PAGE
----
What is Giving Compass?
We connect donors to learning resources and ways to support community-led solutions. Learn more about us.
Giving Compass' Take:
• A study commissioned by the Abell Foundation found that 96,000 Baltimore households lack wired internet access and shed light on the digital divide.
• The creation of the Baltimore Digital Equity Coalition, which brings together 50 organizations to work on closing the digital divide, "shows promise in further expanding the range of stakeholders addressing Baltimore’s access gaps." How can local donors support this initiative?
• Read more about the digital divide and why it is so difficult to solve.
Over 40% of Baltimore households (96,000) lacked wired access to internet in 2018 through cable, fiber or another service, according to a study released last week by the Abell Foundation. The study also found that one in three households (75,000) lack a desktop or laptop computer. The report analyzed internet access in 33 cities, including Washington, DC, Philadelphia and those known for being tech hubs like Boston, Seattle and San Jose, CA. Baltimore ranked 29th for home wired broadband adoption, preceding Milwaukee, Cleveland, Memphis, TN and Detroit. Wireline broadband adoption grew three times faster in the other cities examined than in Baltimore from 2016 to 2018.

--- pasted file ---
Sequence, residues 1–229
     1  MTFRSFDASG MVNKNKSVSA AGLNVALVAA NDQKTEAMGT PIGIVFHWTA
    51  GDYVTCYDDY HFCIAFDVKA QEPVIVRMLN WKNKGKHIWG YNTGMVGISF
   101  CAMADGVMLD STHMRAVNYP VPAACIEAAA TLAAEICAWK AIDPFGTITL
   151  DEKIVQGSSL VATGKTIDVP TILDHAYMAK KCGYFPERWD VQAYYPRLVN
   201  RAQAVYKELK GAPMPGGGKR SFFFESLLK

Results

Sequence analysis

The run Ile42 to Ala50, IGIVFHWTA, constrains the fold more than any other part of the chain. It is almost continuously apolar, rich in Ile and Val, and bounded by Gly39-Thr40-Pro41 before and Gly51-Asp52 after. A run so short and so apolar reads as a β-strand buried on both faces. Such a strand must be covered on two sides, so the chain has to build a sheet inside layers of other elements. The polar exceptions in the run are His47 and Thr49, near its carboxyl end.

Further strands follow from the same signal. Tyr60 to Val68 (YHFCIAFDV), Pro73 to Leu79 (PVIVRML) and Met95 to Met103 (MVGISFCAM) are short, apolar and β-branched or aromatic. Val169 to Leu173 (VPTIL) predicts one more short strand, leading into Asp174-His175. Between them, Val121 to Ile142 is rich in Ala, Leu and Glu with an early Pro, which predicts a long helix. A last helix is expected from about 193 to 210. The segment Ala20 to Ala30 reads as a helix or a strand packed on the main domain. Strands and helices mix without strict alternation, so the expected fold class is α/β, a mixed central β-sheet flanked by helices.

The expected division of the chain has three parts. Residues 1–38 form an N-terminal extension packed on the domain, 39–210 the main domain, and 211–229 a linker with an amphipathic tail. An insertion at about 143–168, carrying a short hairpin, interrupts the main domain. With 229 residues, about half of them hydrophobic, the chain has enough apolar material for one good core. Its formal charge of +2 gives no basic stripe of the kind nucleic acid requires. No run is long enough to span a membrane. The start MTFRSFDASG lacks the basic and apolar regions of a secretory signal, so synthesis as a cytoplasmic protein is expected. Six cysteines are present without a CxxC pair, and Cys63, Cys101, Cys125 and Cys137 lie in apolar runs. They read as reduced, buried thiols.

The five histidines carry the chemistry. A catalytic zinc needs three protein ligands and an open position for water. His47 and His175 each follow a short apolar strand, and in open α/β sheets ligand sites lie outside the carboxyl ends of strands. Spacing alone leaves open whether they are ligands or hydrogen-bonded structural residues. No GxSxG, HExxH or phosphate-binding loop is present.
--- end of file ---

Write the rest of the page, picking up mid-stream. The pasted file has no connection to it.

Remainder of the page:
The report sheds a stark light on the digital divide in Baltimore, which affects low-income households and communities of color the most. The Abell Foundation found that while 73.3% of White households in Baltimore have wired internet service, only 50.2% of Black households and 46.4% of Hispanic households have the same. Meanwhile, just 33.8% of low-income residents have wired internet service compared to 83% of households with an annual income over $75,000.
City leaders have made some strides, the report said, but it urged them to do more. It praised the Baltimore City Council and Mayor Bernard Young to use $3 million from the city’s Children and Youth Fund on laptops and increased internet access. And it said the creation of the Baltimore Digital Equity Coalition, which brings together 50 organizations to work on closing the digital divide, "shows promise in further expanding the range of stakeholders addressing Baltimore’s access gaps."
COVID-19 has brought into focus the continuing issue of digital equity and access in the United States, and it is no different in Baltimore.
Read the full article about internet success by Chris Teale at Smart Cities Dive.